As long as there has been racism, people have been trying to justify it to themselves and others. Unfortunately, all too commonly, religion has been a prime factor in these justifications. While the Atlantic slave trade was just beginning, before slavery was made hereditary, slavery was justified by the simple fact that slaves weren’t Christian. Worse—they didn’t even know about Christianity! It was obviously necessary to capture them all and take them under the loving wing of white overseers in order to educate them about the Lord and Savior, right? Jesus did say to go and make disciples of all men! And otherwise they wouldn’t be able to get into heaven! And Christian salvation was just the first perk in a long line of awesome things slaves got for being slaves!
Yeah, that was my sarcasm voice.
Slavery is rampant in the Bible. The Hebrews were God’s chosen people, and they had slaves. Not only did they have slaves, but God must have approved of them doing it, because He gave them specific rules in Deuteronomy and Leviticus on how to do slavery the Yahweh way. In the New Testament, in St. Paul’s Letter to Philemon, Paul doesn’t so much reject the idea of slavery as he recommends that slaves and their masters maintain an imbalanced system of mutual respect, e.g. slaves should be obedient to their masters, and masters should repay that obedience with compassionate lordship. (Sounds a lot like what he had to say about marriage, so, uh, yikes on that one, dude.)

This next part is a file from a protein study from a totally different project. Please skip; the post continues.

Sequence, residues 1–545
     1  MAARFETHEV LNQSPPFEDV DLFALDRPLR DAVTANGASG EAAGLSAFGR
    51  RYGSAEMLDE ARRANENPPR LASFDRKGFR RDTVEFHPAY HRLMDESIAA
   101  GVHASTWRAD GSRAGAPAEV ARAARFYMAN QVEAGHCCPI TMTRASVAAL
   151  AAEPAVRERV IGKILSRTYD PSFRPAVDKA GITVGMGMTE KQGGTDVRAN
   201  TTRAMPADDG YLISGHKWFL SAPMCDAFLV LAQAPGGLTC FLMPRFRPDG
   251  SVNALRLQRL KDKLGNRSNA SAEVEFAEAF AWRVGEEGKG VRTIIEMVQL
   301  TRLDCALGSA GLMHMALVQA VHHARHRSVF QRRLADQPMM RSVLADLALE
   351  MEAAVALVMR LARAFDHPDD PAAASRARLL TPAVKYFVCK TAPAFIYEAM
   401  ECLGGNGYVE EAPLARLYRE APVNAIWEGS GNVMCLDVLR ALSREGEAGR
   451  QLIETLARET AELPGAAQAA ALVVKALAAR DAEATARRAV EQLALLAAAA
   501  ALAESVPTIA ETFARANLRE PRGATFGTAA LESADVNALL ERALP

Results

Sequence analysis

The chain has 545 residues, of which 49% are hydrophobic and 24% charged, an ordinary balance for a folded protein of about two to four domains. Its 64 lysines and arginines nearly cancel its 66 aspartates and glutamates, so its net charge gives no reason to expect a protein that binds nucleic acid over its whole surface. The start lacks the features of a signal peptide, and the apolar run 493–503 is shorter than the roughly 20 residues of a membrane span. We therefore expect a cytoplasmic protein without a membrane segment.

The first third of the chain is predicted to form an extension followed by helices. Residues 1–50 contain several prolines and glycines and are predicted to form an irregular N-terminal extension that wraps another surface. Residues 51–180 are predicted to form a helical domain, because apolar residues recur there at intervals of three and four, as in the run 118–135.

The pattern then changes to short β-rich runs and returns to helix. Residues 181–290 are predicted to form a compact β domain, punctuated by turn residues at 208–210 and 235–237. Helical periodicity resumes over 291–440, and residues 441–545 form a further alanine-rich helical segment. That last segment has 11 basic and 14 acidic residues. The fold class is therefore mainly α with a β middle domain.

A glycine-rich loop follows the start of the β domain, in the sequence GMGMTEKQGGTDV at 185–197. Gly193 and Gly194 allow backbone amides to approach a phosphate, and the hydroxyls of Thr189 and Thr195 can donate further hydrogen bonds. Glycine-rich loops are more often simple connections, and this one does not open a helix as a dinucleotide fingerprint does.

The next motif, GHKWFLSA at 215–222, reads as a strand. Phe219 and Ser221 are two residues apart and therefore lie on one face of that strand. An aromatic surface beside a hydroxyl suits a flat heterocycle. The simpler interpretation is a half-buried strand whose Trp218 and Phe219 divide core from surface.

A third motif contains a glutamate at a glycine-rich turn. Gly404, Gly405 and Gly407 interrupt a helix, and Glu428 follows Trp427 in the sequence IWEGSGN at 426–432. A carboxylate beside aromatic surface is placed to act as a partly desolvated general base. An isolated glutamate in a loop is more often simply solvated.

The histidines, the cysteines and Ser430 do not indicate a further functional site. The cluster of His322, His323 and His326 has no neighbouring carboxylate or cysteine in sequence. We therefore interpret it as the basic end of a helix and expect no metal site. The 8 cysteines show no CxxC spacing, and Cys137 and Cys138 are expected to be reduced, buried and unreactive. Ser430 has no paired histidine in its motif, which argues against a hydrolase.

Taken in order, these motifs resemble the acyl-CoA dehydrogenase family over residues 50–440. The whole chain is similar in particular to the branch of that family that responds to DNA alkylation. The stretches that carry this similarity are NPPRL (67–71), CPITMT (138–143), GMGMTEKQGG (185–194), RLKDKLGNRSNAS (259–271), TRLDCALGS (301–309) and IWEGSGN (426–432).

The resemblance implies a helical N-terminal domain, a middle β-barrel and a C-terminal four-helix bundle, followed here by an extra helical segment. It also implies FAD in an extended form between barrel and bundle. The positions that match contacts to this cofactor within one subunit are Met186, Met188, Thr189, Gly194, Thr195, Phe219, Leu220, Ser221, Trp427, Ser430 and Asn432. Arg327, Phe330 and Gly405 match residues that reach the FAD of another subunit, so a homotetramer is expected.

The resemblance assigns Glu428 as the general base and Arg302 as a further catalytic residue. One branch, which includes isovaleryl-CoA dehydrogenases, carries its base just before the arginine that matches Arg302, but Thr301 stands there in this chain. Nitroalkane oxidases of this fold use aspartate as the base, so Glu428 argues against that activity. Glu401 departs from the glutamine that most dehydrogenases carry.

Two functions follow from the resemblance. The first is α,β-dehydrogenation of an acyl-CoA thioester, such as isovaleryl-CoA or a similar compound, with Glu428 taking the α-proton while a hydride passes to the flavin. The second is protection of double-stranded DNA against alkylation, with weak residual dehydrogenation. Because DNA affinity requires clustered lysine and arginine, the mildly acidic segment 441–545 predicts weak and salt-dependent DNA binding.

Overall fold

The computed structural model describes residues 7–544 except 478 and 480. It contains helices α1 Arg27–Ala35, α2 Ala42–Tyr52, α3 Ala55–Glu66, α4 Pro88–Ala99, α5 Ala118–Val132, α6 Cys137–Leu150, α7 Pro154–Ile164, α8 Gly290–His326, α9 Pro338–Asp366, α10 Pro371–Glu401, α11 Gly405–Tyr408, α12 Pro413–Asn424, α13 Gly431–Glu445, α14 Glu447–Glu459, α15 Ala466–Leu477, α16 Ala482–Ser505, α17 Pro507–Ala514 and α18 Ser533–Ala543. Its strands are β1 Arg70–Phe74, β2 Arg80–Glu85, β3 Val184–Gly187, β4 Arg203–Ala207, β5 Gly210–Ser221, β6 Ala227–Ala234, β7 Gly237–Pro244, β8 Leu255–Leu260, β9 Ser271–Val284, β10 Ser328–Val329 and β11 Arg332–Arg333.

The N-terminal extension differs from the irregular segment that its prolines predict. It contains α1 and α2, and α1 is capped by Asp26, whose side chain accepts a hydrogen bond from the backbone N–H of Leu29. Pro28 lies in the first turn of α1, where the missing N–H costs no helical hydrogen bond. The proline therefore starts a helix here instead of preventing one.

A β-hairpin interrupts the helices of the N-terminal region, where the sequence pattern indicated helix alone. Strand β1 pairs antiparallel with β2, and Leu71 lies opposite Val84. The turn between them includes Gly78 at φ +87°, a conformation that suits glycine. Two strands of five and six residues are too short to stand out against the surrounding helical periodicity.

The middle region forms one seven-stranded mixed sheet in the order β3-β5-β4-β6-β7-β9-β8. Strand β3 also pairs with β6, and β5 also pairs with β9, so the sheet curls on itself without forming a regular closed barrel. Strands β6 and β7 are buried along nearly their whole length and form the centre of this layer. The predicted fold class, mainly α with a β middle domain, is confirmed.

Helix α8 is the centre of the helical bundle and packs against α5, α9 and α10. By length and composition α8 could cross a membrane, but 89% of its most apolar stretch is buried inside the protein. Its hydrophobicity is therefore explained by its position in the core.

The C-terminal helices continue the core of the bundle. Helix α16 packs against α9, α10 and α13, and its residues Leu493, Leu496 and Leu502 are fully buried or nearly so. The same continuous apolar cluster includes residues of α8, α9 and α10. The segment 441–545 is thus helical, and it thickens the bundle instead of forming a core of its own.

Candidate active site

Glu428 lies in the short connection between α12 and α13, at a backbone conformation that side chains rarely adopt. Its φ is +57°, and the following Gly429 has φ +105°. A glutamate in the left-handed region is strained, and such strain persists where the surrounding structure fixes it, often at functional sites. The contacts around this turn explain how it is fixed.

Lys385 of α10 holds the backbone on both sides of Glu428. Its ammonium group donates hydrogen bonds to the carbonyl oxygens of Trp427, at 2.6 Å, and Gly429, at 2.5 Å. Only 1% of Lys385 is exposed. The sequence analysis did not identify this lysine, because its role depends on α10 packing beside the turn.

In the beginning, God created a bunch of stuff, including Adam. In both of the Creation stories included in Genesis, part of the myth involves God granting dominion over the earth and all the creatures He created to Adam, to hold in stewardship. As nonwhite peoples, in particular Black Africans and brown Native Americans, were seen as lesser, subhuman, and savage by white colonialists, it was easy to argue that this sense of God-given stewardship, this paternalism by divine right, should extend to include these other races. (The troubling principles of social Darwinism later lent pseudo-scientific credence to these arguments.) Instances of cultural genocide like the Trail of Tears, the doctrine of manifest destiny, and the Indian Residential School System were all in some way justified by the God-given belief that the white man had authority over how these “lesser races” should be living their lives.
Now, this is all horrifying and unpleasant to say the least, but what does it have to do with geeky stuff? Well, this Christian paternalist mentality is front and center in the Harry Potter universe, with the serial numbers filed off just enough to make it kind of secular.